- Sultan Hamengku Buwono X of Yogyakarta, Indonesia announced that he wants his eldest daughter to rule after he steps down
- The Muslim ruler has no sons
- This will be the first time that the Yogyakartan sultanate will have its first female monarch
Gender equality is alive and well at the heart of the kingdom on Java island. Sultan Buwono X, who has been on the throne 27 years, last year set in motion the process for his daughter to become monarch by giving her the title "Gusti Kanjeng Ratu Mangkubumi."
The title Mangkubumi, which translates from Indonesian as "the one who holds the Earth," was the same one given to the sultan when he was made crown prince several decades ago. She was also entrusted with the task of "attempting to bring safety, happiness and prosperity to the world."
The sultan has also made small changes to his own lengthy royal title - removing a word normally only used by men and tweaking another -to make it gender-neutral, opening the door for a woman to take over. Thus, while the Sultan has not confirmed publicly that she is the crown princess, the signs are clear. in Javanese culture nothing speaks more than symbolism.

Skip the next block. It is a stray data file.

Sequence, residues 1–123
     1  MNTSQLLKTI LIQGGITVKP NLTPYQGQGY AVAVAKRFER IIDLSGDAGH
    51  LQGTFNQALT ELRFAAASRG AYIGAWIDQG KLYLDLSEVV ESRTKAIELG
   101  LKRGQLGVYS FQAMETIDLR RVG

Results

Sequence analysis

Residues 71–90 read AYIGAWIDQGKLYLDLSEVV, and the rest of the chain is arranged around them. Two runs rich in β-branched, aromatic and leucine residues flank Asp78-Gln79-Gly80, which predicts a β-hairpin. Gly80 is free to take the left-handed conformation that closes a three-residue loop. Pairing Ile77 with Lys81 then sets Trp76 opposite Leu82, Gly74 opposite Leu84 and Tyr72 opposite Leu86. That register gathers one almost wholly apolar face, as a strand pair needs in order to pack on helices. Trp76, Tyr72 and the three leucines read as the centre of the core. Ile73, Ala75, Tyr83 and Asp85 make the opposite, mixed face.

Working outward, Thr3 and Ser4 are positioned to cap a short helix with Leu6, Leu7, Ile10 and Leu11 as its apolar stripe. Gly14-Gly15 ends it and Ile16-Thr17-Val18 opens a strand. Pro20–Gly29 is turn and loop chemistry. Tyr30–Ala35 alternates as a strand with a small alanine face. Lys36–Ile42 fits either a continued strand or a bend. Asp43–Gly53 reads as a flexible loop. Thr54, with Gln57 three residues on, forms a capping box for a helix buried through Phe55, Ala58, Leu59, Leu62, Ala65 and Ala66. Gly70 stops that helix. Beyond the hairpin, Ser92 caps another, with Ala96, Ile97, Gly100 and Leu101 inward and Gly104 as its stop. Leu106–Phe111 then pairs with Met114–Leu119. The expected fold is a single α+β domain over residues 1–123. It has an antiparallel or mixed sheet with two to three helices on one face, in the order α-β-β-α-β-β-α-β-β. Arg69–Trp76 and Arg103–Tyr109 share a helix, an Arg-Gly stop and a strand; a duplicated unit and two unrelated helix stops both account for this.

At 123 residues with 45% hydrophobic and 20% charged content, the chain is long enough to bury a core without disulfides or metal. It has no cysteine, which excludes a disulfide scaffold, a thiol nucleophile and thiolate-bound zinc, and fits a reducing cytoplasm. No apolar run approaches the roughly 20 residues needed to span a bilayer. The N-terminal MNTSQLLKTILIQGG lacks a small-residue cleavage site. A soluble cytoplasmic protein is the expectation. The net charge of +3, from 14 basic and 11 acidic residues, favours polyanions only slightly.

However, the Sultan’s relatives are not at all pleased with these developments. The 70th birthday of Sultan Buwono X was snubbed by many of his relatives. “A female sultan is an impossibility,” the sultan's cousin, Kanjeng Raden Tumenggung Jatiningrat said. He adds that, “One symbol in this palace is a rooster -- so if we have a queen should we change it to a hen?" The family feels that the Sultan is breaking the rules laid down to govern the sultanate. Traditionally, rituals in the mosque or other ceremonies have been overseen and led by men.
"About 90 percent of the family don't respect him anymore," raged Gusti Bendoro Pangeran Haryo Prabukusumo, a stepbrother of the ruler who also did not show up for the festivities.
However, the Sultan is not worried saying there is nothing stopping him from making changes in his kingdom and he has to adapt as Indonesia modernizes. "The Yogyakarta palace doesn't have a hereditary tradition that can't be changed, and all ruling sultans can introduce changes," he told local media.
The sultan’s approximately four million subjects remain mum on the issue since most prefer to keep out of royal affairs.
And the sultan's approximately four million subjects in Yogyakarta and the surrounding area, who view him as a demi-God, have had only a muted a reaction, with most preferring to keep out of royal affairs. But some still voice strong dissents, "The king should maintain the tradition as it was originally, because this is an Islamic kingdom," said Abdurrahman, from local hardline group Islamic Jihad Front.
Indonesia is home to numerous small kingdoms. Unlike in other provinces, where sultans are largely ceremonial figures, Yogyakarta's sultan serves as both royal leader and governor of the city and its surrounding areas. Jakarta allowed the Yogyakarta royal family to keep power as the central government was grateful for the sultanate's support for independence in 1945 after a long period of Dutch colonial rule. - IS, Kami Media